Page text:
Betty Honey of the Fulton County Medical Examiner’s office in Atlanta said the specific drugs involved in the rapper’s death were unknown, but Kelly’s mother told investigators of her son’s history of drug abuse, and said that he had used cocaine and heroin the night before his death.
A broad cross section of social justice organizations — from environmentalists to immigrant reform-focused — came together last week to announce a concerted fight to restore voting rights lost when the U.S. Supreme Court ruled a key provision of the Voting Rights Act unconstitutional last week. Among the groups assembled for the “tele-townhall” conference call were the NAACP, the environmental groups Sierra Club and Greenpeace, the National Gay and Lesbian Task Force, NCLR, Voto Latino and the NAACP Legal Defense Fund, all of which were represented by their leading directors pledging pro-active fights against voter suppression efforts.
Michael Brune, executive director of the Sierra Club, said that his organization’s 2.1 million members “are ready to fight” to preserve voting rights in America by “knocking on doors, making phone calls and lobbying Congress.” Brune said that the same people the Sierra Club is fighting for attacking clean energy and climate change protection laws are the same people who are trying to restrict voting.
“We know that to protect our environment we must protect our democracy,” said Brune.
Well before the Supreme Court decision, the Sierra Club joined forces with the NAACP for what’s called the “Democracy Initiative,” a coalition dedicated to defending progressive election reform initiatives and protecting the right to vote.
Last week, the Supreme Court and the U.S. Senate produced a number of victories and near-victories for organizations fighting for marriage equality and immigration reform. Groups representing those issues said they would not back down from counteracting the SCOTUS decision on the Voting Rights Act, which NCLR President Janet Murgia called “terrible and wrong-headed” on the call.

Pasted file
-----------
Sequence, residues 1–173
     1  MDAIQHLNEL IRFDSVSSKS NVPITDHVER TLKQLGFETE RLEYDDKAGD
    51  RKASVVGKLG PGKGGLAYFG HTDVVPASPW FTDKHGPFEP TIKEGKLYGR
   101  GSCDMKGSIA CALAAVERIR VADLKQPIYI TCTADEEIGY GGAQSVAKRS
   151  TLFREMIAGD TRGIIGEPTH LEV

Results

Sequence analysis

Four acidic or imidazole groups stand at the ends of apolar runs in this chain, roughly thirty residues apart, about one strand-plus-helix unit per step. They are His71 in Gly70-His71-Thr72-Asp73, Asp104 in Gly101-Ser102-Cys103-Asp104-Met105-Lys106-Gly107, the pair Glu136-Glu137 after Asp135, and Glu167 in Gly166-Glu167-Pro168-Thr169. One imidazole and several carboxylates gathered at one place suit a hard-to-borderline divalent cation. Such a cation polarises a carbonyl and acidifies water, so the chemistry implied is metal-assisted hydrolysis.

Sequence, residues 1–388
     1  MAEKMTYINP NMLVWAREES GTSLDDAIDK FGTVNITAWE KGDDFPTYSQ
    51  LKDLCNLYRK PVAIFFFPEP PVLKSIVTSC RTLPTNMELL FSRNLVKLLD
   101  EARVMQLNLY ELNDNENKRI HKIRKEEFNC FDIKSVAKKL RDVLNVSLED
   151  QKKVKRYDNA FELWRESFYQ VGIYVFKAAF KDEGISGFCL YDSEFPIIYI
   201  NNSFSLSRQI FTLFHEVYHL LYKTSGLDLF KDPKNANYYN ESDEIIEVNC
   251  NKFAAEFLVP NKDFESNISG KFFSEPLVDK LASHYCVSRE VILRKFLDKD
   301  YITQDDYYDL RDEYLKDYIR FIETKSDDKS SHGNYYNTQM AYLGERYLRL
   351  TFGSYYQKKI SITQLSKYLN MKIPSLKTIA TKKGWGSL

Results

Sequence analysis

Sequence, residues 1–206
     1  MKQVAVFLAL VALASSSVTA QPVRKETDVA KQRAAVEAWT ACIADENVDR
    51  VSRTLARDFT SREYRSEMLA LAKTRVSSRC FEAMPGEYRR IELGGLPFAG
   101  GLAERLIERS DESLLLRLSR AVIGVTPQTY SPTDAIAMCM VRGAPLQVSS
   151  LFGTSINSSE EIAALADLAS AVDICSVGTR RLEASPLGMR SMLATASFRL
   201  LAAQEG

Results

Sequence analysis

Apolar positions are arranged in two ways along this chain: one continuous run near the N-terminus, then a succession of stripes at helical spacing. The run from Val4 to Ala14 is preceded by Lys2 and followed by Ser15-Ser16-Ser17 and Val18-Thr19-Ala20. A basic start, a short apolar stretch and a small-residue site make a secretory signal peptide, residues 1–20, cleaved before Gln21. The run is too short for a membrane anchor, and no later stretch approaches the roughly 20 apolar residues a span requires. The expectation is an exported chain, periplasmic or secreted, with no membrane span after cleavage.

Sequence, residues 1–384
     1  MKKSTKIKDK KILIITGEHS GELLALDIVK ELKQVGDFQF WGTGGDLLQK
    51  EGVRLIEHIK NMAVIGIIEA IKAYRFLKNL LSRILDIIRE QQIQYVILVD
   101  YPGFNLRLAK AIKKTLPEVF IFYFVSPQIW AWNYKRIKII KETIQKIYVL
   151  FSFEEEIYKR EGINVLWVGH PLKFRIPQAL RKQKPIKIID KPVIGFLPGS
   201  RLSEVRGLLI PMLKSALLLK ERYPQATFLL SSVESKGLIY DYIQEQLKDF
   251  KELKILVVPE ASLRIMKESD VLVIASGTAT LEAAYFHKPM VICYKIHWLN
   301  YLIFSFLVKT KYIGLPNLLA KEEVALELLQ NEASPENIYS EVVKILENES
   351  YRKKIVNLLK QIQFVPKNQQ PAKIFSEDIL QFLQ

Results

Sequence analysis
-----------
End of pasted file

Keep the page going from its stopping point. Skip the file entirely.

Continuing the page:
National Gay and Lesbian Task Force executive director Rea Carey said the SCOTUS decision on DOMA was sweet but, “The sweetness does not erase the bitterness.”
“Those who seek to deny any of our votes seek to deny all of our votes,” said Carey. “I do have hope and we can’t stand for this, the LGBT community will not stand for this.”
Myrlie Evers-Williams, voting rights advocate and wife of slain civil rights leader Medgar Evers, sent a statement to the audience — which the call’s organizers number at over 17,000 — saying:
“My husband Medgar and courageous leaders risked everything to register citizens to vote. We knew what they fought for.
I never thought that I would say this, but today the situation is just as dire.
It is not enough to just remember the legacy of Medgar Evers. It is not enough to just be members of our respective organizations.
We will have to put action to our affiliations and we will have to remember what originally brought us here.”
Bay Area Rapid Transit (BART) workers are striking for a second consecutive day in order to win a new contract from management. Among their demands: improved safety conditions and a long-awaited raise. Roughly 2,400 workers have taken to the picket lines to demand better treatment by a transit agency that’s been operating with an economic surplus in recent years.
But as Sam Biddle at Valley Wag put it, one Silicon Valley company, Avego, is offering frustrated commuters a chance to literally fly over society’s problems by offering up helicopter rides.
Forget about the inordinate number of San Franciscans who’ll struggle to get to work because of the strike. Forget about the striking BART employees who want a better deal from their employers. In Valleythink, “crisis” is just another way to push downloads—and so Avego cannily registered BARTstrike.com to exploit the mess.
Insensitive? Yes. Out of touch? Definitely. It’s an example of the vast gulf — in income and logic — that’s separating the have’s and have nots in Northern California.